What is a Letter of Intent?
Simply put, this piece of paper is issued by the Lender to you, indicating that they are fully interested in funding the deal.
Though this is NOT a Conditional Letter of Approval – which is issued after they do their final due diligence, having an LOI issued is a very positive step towards getting your money.
In an LOI, there are a few pieces of information that you should look out for whenever you get one:
Pre-Approved Loan Amount: Is the loan amount that the Lender is willing to fund you. This is typically listed near the very top of the Letter of Intent.
Loan to Value (LTV): The Loan-to-Value or…LTV is the percentage of the loan amount the Lender will be funding. It’s the ratio of the loan to the value of an asset being purchased. In my past video, I went into detail about how typically Lenders will not do 100% financing. Generally, in the Commercial Loan world, Lenders do anywhere from 50-90% LTV.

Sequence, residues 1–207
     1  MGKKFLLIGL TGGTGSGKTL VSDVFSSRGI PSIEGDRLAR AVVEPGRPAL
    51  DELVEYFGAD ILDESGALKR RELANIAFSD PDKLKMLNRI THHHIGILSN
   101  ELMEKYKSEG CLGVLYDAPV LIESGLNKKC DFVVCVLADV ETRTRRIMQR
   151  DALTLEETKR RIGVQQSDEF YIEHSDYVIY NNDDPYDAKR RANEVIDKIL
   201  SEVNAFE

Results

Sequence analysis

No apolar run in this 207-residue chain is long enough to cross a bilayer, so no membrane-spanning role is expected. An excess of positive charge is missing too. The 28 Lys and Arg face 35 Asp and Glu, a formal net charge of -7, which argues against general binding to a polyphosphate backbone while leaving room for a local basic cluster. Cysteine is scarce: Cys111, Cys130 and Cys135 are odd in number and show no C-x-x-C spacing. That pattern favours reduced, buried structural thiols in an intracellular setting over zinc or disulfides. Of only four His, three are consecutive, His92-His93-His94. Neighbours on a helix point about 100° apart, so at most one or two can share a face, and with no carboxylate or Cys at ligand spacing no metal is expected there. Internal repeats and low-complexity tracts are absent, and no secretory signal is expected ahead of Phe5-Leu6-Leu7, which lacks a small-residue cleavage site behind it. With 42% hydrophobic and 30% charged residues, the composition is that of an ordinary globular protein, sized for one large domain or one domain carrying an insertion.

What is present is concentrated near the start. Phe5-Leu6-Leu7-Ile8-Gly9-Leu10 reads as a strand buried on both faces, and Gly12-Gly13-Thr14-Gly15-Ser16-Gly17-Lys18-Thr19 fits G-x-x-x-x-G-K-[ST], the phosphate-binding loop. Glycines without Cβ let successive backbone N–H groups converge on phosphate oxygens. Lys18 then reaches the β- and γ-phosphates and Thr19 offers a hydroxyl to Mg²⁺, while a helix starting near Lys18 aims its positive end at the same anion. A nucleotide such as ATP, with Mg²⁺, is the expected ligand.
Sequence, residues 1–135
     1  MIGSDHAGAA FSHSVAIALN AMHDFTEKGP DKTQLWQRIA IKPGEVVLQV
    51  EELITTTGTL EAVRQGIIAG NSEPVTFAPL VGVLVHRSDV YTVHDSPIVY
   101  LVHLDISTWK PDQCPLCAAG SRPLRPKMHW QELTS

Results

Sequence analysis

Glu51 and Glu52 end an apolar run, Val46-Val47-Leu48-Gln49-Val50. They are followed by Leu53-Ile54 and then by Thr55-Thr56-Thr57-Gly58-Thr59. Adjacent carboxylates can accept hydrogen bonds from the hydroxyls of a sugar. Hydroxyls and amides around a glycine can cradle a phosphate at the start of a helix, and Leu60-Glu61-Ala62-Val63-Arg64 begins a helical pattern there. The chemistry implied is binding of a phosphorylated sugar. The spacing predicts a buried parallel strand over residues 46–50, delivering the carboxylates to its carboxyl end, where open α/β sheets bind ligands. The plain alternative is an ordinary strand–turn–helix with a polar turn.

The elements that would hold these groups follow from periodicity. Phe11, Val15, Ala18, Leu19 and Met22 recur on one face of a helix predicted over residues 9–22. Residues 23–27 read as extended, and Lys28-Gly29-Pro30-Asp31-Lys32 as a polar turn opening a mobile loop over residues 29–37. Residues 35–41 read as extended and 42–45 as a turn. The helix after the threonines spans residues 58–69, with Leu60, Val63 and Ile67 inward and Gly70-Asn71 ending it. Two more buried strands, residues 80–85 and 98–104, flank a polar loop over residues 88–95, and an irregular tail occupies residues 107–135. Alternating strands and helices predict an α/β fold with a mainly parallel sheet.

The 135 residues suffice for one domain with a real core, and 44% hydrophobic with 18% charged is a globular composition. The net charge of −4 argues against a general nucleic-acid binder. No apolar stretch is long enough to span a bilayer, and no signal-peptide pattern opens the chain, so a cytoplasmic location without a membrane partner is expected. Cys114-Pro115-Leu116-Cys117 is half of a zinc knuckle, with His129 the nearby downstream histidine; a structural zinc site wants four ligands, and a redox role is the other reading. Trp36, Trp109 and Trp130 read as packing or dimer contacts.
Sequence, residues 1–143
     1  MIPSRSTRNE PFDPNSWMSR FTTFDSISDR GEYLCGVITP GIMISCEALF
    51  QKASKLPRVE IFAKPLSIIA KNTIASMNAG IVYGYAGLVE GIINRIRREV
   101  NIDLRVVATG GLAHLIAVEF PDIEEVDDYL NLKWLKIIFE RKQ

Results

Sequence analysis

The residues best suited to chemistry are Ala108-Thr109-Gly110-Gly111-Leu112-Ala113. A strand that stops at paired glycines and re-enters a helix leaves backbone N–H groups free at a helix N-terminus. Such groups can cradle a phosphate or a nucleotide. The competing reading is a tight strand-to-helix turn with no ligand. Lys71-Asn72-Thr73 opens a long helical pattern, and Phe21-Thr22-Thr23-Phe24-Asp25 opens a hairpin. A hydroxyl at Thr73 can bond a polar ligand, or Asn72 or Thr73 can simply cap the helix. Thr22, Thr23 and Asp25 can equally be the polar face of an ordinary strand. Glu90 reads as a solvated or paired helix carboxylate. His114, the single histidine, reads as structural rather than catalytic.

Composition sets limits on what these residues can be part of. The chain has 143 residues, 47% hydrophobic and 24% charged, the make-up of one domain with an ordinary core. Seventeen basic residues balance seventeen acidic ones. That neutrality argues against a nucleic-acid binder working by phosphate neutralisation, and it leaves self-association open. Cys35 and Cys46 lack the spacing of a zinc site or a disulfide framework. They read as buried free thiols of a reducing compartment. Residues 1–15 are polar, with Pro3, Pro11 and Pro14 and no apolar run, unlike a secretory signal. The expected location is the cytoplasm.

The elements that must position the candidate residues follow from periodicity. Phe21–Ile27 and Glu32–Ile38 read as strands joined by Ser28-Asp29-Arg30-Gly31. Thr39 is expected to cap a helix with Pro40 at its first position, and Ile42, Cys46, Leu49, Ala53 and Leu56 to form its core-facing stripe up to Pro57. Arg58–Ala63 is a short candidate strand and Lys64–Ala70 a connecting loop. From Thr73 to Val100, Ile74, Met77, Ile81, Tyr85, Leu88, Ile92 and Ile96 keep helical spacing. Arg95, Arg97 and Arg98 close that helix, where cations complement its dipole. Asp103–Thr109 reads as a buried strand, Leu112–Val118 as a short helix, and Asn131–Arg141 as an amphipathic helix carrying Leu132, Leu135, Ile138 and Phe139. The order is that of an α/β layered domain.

Rate/Term: The Lender gives their specific rate and term at which the loan will be paid.
Conditions: This is something that should never be overlooked. And this is why I highly suggest when reading over an LOI, you get a second set of eyes to look at it such as a lawyer, CPA or a trusted business associate. With conditions, these are the requirements that need to be satisfied as we enter the next step towards funding. For example, the Lender may ask that you present bank statements to verify liquidity, or they may ask that you submit your Articles of Incorporation. There may not even be any conditions at all. But these are generally listed in the LOI as a heads up as to what they will need documentation-wise next.
Next Steps: Near the end of the Letter of Intent, it usually spells out what will coincide next. If your loan purpose is to purchase a building, then an appraisal and title report may need to be ordered. If this is an SBA loan, a processing fee may need to be paid. In this section, it specifically states what the Lender will need next to advance your loan request to the next step towards funding.
We hope that you can use this knowledge in the next Commercial Loan that you pursue.
All the Best!